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Dependency culture?


Dependency culture? Welfare, women and work

Mary mcintosh

Like many in Britain, I have watched the New Labour government with fascination. I have felt eager welcome and revulsion, hope and despairing resignation.

We have seen huge progress in democracy, with hope at last for a political settlement in Northern Ireland, devolution for Wales and Scotland, the reintroduction of a London-wide authority together with experiments with more effective local government structures, and the removal of hereditary peers from the House of Lords.

Support for childcare to help women go out to work and an international aid policy aimed at poverty are notable advances. But we have also seen a foreign policy that follows Americaʼs lead rather than building up other international links and institutions.

We have seen an economic policy that follows the Toriesʼ lead in restricting capital investment to the level of growth in GDP and limiting public spending and taxation.

Public-sector pay has been kept down. There has been no real strategy to tackle mass unemployment, and New Labour have put the meanest constructions on their pre-election promises for trade-union recognition and a minimum wage.

In relation to welfare provision, there was, of course, no reason to hope. Was it not a Labour government in 1976 which began the process of public expenditure cuts and the restructuring of state provision? Did not Roy Jenkins and Denis Healey launch an ideological campaign against state expenditure, defining it as an unproductive burden on the rest of us, the ʻtaxpayersʼ? Was not Gordon Brown locked into the same conceptions as the Conservatives about keeping down the public-sector borrowing requirement? And did not Tony Blair appoint Frank Field, the Cassandra of the growing underclass and of dependency culture, to be the éminence grise of his welfare reforms? Commentators during the 1980s and early 1990s saw Labour as supporting a rights-based approach to welfare, with a shift away from means testing towards a more comprehensive social insurance system providing claimants with benefits to which they feel they have an automatic right. But New Labour espouses the same questionable assumptions that fuelled Margaret Thatcherʼs revolution.

Part of the fascination lies in watching the endless minting of new terminology. The ʻThird Wayʼ is not a middle way between left and right, we are told. ʻAffluence testingʼ is supposed to sound less harsh than means testing. But certainly ʻsocial exclusionʼ is different from poverty or inequality. The ʻNew Dealʼ has no connection with Franklin Rooseveltʼs great project of central government intervention to create employment.

Typical of the new lexicon is the ʻBenefit Integrity Projectʼ, in which thousands of people who had previously been deemed severely disabled were deprived of their Disability Living Allowance. All this new language is designed to cut us off from earlier ways of thinking about welfare and from the social-democratic assumptions that underlay the postwar system of social insurance for everyone. It is worthwhile reflecting upon what New Labour wants us to take for granted. I shall concentrate here on two issues: the meaning of need and the meaning of dependency.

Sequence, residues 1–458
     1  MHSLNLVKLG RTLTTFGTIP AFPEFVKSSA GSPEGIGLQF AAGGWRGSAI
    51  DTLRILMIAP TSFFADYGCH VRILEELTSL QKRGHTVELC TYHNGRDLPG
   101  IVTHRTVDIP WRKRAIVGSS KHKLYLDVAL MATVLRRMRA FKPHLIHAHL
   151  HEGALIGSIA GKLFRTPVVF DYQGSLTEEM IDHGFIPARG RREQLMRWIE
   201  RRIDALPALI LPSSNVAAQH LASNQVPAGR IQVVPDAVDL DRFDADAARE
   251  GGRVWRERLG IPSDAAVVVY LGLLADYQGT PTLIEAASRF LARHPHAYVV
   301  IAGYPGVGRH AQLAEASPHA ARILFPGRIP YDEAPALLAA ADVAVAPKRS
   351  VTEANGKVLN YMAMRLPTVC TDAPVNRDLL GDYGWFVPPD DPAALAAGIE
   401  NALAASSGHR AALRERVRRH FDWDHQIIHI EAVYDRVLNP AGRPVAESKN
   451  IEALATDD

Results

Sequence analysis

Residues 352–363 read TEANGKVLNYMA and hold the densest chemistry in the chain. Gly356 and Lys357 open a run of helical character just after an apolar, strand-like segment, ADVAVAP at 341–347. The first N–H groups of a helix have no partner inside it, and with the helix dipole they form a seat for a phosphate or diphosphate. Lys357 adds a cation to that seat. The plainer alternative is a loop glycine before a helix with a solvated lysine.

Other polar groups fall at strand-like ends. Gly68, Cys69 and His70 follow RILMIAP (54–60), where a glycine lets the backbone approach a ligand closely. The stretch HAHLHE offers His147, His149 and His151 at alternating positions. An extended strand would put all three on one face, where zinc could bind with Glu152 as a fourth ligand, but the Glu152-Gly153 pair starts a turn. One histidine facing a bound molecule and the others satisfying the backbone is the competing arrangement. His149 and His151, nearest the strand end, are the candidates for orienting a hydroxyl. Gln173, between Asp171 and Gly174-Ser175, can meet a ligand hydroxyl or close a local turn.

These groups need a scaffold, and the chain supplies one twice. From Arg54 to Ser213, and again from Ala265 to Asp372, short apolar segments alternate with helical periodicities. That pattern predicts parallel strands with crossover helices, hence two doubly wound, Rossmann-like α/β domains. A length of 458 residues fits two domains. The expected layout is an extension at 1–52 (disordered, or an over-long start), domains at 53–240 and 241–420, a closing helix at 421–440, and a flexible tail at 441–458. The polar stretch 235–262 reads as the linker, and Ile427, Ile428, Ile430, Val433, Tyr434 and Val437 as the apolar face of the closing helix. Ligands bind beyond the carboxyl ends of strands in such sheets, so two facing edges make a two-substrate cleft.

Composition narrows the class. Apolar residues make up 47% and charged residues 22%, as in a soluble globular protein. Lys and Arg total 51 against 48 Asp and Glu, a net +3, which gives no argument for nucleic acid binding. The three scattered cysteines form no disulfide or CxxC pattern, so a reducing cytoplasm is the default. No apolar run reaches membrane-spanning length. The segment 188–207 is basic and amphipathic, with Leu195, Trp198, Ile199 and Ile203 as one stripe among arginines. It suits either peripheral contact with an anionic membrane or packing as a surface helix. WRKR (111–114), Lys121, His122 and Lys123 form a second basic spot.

‘stemming’ needs

Tony Blair has said that there are three reasons why welfare reform is needed: existing welfare provision operates as a disincentive to work in some cases; there is a lot of fraud; and, finally, ʻa system in which you spend more but fail to stem urgent need is plainly not workingʼ. This last point sounds, indeed, plain enough. But then you notice that curious word ʻstemʼ, rather than the more usual ʻmeetʼ. According to the Oxford English Dictionary, stem: to stop, check, dam up (a stream or the like); to staunch (bleeding, etc.); Meet: to satisfy (a demand or need). Blairʼs image is of the danger of needs overflowing their proper boundaries. It seems as if there should be no needs in the public sphere; their flow should be stemmed. So rather than state welfare being set up to meet needs, its prime task is in relation to those needs – ʻurgent needsʼ – that are not otherwise met. It is like a host who makes it her business to engage with anyone who is lurking lonely in a corner, but does not otherwise take part in the social life of the party, meeting people half-way. Blair was expressing the fundamental distinction between ʻsafety-netʼ welfare and a collective social insurance system; he has repeatedly stated that the welfare reforms will be designed to keep expenditure in check without depriving anyone who is in genuine need.

As it happens, despite the rhetoric of minimal provision, Britain has a long way to go before it is reduced to that purely residual welfare state. In reality, there are a number of benefits – Child Benefit, National Insurance benefits, especially retirement pensions, and several disability benefits – that do not require you to have unmet needs.

They are not means-tested and you do not have to show that you could not manage without them. A small Disability Living Allowance, for instance, is given to a man who cannot cook a meal or shave and wash himself, whether or not he has a wife who does these things for him; and it is given regardless of his income or that of anyone he lives with. So it does not wait, as it were, for the need to overflow into the public domain; someone can claim it even if they are well-off and well cared for. The government has been floating ideas about making Child Benefit and disability benefits subject to ʻaffluence testingʼ (means testing in a kindlier guise) but at present these benefits are the model of a comprehensive rights-based system of social security.